How can you give your children the tools they need to teach themselves? Long ago students were first taught how to learn. Today, students are taught an encyclopedia of subjects trivia but they are not taught the basic skills of learning: to discover, to reason, and to apply. They are not taught the trivium.
Can you homeschool in a classical style without compromising your Christian principles? Classical Education must be sifted through the critical screen of the Scriptures to be transformed into a Biblical model.
Can you homeschool in a classical style without buckling under the burden? There is only so much time in the day. For every subject, and for every age, we have a workable plan which leaves you free to breathe. You can continue to use other approaches to homeschooling within the framework of classical education.
Is homeschooling about renewing family vision? The family is at the heart of God s plan for restoring Christian culture. Homeschooling is not alternative education. Homeschooling was here first. We want to restore Biblical order to education.
- Thomas Jefferson Education, A: Teaching a Generation of Leaders for the Twenty-first Century
by Oliver Van DeMille
Is American education preparing the future leaders our nation needs, or merely struggling to teach basic literacy and job skills? Without leadership education, are we settling for an inadequate system that delivers educational, industrial, governmental and societal mediocrity? In A Thomas Jefferson Education: Teaching a Generation of Leaders for the Twenty-first Century, Oliver DeMille presents a new educational vision based on proven methods that really work! Teachers, students, parents, educators, legislators, leaders and everyone who cares about America's future must read this compelling book.
- Trivium Mastery: The Intersection of Three Roads: How to Give Your Child an Authentic Classical Home Education
by Diane Lockman
Enjoy the simplicity of an authentic classical Christian home education by teaching three simple skill sets to mastery:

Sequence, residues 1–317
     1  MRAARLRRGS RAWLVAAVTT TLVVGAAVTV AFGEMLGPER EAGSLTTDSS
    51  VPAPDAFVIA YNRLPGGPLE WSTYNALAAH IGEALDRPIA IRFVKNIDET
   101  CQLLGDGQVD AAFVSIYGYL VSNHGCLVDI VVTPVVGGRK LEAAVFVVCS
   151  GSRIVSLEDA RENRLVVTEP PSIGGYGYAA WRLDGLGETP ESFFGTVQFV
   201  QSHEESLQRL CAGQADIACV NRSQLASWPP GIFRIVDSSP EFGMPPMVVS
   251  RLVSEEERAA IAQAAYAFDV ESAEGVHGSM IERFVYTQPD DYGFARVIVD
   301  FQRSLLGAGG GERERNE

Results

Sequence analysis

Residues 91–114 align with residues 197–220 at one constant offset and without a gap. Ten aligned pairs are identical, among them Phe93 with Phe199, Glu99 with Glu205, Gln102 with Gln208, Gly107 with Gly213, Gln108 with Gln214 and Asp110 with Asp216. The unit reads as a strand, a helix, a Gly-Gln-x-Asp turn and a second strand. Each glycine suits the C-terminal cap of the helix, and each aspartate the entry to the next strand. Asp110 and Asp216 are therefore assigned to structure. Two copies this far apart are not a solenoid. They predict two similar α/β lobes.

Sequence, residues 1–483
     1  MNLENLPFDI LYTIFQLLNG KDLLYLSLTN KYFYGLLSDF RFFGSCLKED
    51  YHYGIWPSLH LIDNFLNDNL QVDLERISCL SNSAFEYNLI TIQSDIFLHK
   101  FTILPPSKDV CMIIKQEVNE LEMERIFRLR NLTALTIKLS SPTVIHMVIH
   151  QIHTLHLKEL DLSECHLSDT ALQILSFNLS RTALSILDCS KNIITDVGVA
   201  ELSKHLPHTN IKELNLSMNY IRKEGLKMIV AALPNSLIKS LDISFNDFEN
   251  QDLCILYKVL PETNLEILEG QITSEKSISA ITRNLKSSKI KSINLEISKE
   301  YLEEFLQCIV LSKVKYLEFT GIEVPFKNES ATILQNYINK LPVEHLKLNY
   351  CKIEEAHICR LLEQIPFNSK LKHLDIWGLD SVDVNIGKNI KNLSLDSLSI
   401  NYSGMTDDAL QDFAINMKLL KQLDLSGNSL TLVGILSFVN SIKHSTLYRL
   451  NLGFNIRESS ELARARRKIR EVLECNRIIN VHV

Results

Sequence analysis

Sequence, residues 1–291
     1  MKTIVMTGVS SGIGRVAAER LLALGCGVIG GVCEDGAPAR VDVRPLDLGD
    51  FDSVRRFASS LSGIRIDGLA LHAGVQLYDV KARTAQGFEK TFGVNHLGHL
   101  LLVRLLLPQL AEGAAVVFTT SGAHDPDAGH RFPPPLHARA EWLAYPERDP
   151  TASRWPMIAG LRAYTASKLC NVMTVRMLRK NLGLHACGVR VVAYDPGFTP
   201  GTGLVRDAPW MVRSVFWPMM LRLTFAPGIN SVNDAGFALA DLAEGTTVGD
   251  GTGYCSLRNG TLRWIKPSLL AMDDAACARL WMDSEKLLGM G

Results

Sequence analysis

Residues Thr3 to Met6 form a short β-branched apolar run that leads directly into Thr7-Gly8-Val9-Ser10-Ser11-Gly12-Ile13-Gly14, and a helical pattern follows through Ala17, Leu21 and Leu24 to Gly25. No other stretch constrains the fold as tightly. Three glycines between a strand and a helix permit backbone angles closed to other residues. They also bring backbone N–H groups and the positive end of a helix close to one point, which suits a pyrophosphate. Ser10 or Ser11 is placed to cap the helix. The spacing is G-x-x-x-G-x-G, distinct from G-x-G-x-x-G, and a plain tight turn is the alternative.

Language, Critical Thinking, and Communication
Exposition of errors, though, is not enough. Home school parents need practical instructions for turning the idea of a classical Christian home education into reality. Diane shows you exactly how to teach these three skills through 12 real-life case studies with children ranging in age from 5 to 17 years old. Using her "must-know" checklists, Diane develops customized strategic semester plans for each child, a to-do list for the parents, and a to-do list for the children. Use these personal "makeovers" as a guide to develop your own strategic plans.
- Trivium, The: The Liberal Arts of Logic, Grammar, and Rhetoric
by Miriam, Sister Joseph, Marguerite McGlinn
Opening the door for beginners who seek a thorough grounding in the first arts of human understanding, this book explains the nature of logic, grammar, and rhetoric-the three of the seven liberal arts-and how they relate to one another. In Renaissance universities, the trivium (literally, the crossing of three part way) formed the essence of the liberal arts curriculum. Examined are topics such as the nature and function of language, distinguishing general grammar from special grammar, the study of logic and its relationship to grammar and rhetoric, and applying the concepts of logic, grammar, and rhetoric to literary works.
- Well-Educated Mind, The: A Guide to the Classical Education You Never Had
by Susan Wise Bauer